By Tim Nash

GREENSBORO, N.C. – Aisley Boynton is in familiar territory this week. Sort of.

The 16-year-old Boynton is competing in acrobatic gymnastics at the USA Gymnastics Championship for the fifth year in a row. But there is something drastically different this time.

For the first time in seven years, Boynton is not competing with Maxim Sedochenkoff as her mixed pair partner.

Sedochenkoff retired after competing with Boynton at the 2016 World Age Group Competition in Putian City, China. Her new partner is Sean Obley, a 24-year-old veteran gymnast who lives in Mesa, Ariz.

“We have been together for eight months now,” said Boynton after going through a short practice session in the Greensboro (N.C.) Coliseum, where the USA Gymnastics Championships are being held this week. “We have been practicing mornings and nights since we started working together, so we should be ready to go.”

While Obley, who at 5-8, 181 pounds towers over Boynton, is accustomed to sharing the spotlight on the mat, having just one partner is something relatively new.

“I have never done this kind of balancing before,” he said. “I’m used to having four people, not just one. It’s a lot different.”

They began to gel quickly. From the start, it seemed the pair would be formidable.

“After the first skill we did together, we realized it was pretty good and we were good partners,” said Obley.

The more they worked together, the better they meshed on the mat. The transition from Sedochenkoff to Obley has not always gone smoothly. The challenge of dealing with the ups and downs has been met, however.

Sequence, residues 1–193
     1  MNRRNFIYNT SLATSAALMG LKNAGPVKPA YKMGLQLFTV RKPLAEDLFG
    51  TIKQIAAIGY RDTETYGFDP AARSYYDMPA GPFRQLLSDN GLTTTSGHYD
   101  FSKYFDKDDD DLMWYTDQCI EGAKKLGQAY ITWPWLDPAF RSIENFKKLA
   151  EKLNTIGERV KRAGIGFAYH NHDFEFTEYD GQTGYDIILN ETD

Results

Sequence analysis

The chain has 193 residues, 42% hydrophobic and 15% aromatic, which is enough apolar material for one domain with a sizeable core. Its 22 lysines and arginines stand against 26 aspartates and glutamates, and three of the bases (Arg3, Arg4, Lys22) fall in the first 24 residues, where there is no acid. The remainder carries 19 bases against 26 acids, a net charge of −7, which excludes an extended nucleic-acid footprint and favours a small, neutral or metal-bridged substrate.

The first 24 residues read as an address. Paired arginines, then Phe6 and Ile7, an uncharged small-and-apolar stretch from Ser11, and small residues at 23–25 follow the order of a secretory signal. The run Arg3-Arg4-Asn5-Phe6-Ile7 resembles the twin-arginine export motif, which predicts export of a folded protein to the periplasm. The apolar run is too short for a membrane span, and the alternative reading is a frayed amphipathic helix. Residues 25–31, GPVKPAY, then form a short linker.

“We understand that if either one of us is having a bad day, we are both going to suffer for it,” said Obley. “I know I can trust her to come back after a bad day. If there’s a bad practice or you are tired, you know it’s going to get worse. When we get mad, we can still work together.”

Boynton was very successful with Sedochenkoff. They earned three firsts and a second at the past four USA Gymnastics Championships. They went to the World Championships and World Cup. Performing with someone new was a challenge she readily accepted. She and Obley both knew there would be difficult times, and in such an accelerated time-frame, it would be understandable if nerves and stress got the best of the new partnership.

The pair has overcome all the obstacles to date by paying attention to what is important.

“Trust is everything,” said Boynton. “You have to rely on each other and you have to trust each other. Our trust built pretty fast. If he doesn’t trust me to do my part of the skill, the skill won’t happen.” Boynton and Obley train at Realis Gymnastics Academy.